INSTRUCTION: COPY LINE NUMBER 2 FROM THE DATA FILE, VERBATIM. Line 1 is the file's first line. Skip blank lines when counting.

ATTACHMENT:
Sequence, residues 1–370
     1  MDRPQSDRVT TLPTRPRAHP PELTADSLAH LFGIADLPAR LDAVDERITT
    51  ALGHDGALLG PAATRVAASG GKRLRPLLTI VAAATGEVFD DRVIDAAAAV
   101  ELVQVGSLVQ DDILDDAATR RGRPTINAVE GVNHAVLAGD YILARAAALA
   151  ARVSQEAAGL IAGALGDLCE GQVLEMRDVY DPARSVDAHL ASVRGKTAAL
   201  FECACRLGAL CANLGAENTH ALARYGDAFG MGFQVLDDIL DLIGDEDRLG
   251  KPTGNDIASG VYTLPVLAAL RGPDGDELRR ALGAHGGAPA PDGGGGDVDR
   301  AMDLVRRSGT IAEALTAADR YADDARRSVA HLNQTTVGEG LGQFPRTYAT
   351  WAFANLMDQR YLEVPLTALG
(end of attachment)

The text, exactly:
     1  MDRPQSDRVT TLPTRPRAHP PELTADSLAH LFGIADLPAR LDAVDERITT